On the festival circuit
I have been fortunate to have attended every Lytham Proms since they re-started in 2010.
The last night of the 2014 Proms was just amazing!
I was born and raised in Manchester and as a musician spent many a happy evening at the Free Trade Hall listening to the Halle Orchestra. When my family moved to St Annes in 1982, I never dreamed I would be able to listen to the Halle on Lytham Green.
Add Michael Ball, Lesley Garrett, Rhydian Roberts, Kerry Ellis and the Tenors of Rock, adding our own Lucy Ella to the mix, and I am still pinching myself that what I witnessed was real. Massive congratulations must go to Daniel Cuffe and Peter Taylor who continue to improve the Proms year on year.
Lytham is now firmly established on the outdoor festival circuit and can attract the biggest stars from the world of entertainment. I look forward to next year to see who will top Sir Tom Jones!
Cuffe and Taylor deserve the thanks of all our residents for bringing work and money into the town. Long may they continue.
Alternative to university
Over the next month thousands of potential students from across Lancashire will be considering whether university is the right route for them. The cost of university in the North West has been calculated as up to £53,000, including costs such as tuition fees, rent, food etc.
Not wanting to burden yourself with this level of debt doesn’t mean a professional career is beyond you.
Many professional bodies such as ACCA (the Association of Chartered Certified Accountants) don’t require a degree.
Studying for a professional qualification instead can have a number of advantages.
You can earn valuable practical experience whilst completing your qualification, which could put you three years ahead of your peers and once completed you will have a qualification that is equivalent to a masters level degree.
University experience could be an important part of your development, but it is always worth considering whether it is something you want to do, or are doing because you think it is the logical next step.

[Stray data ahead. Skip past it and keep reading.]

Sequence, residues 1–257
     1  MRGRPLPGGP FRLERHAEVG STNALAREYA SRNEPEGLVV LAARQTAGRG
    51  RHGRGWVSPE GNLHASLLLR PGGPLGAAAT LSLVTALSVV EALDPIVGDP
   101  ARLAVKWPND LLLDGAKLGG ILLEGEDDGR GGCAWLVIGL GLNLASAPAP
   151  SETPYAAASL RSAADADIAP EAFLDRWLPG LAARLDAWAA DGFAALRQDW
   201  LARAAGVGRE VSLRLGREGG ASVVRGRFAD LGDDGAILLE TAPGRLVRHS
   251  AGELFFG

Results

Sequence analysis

In today’s competitive job market, three years’ experience gained while studying for a professional qualification could put you ahead of your peers.
ACCA Lancashire and Cumbria Members’ Network Chairman
Cab driver’s honesty
On Saturday, August 9, my wife, son, stepson and myself arrived in Blackpool for a few days’ holiday.
We arrived early and spent a few hours on the front, before taking a taxi from Manchester Square to our hotel, The Stuart.
On arriving in the hotel I realised I had lost my bag containing two ipods, an iPad, a smart phone, my bus pass and wallet containing a small amount of money but more importantly my bank card.
Feeling very distraught we reported it missing to the reception, and the boys set out to try and trace the cab. Blessed relief when the receptionist brought the bag to us saying a black cab driver had just handed it in.
We rushed down to thank and reward the driver but he had gone.
What could have been a complete disaster and ruined our break was saved by the honesty and decency of the black cab driver.
We did make an effort to trace him but to no avail.
We thoroughly enjoyed our stay in Blackpool. It was my first visit in over 50 years. I was pleasantly surprised by the town.
Expecting a rundown, almost derelict place (according to reputation) we found a friendly, welcoming, town, unpretentious and honest. There was plenty of entertainment for all ages and plenty of food outlets to cover every pocket and taste. The town was very clean and the beach spotless.
We will certainly be praising the town to everyone we know on Twitter and FaceBook, and wish to especially thank the cab driver who was so honest and considerate to return my bag.
It was greatly appreciated and he personified Blackpool as a town that is caring and honest.
Bus service is erratic
My wife waited at North Pier bus stop to travel to Fleetwood.
From 2.25pm the bus could be seen parked up for at least 10 minutes.
When it arrived it had Cleveleys as the destination on it.
The driver said it was late and had to turn round at Cleveleys.
He emptied the bus at Aldi in Cleveleys, which poses a question – if he is late why remain at Aldi for 15 minutes (that makes a total of 25 minutess wasted).
It looks like Fleetwood pensioners are being coerced into using the tram to Fleetwood.
The number one has been very erratic since the free tram finished. Coincidence?
Mr J. Williams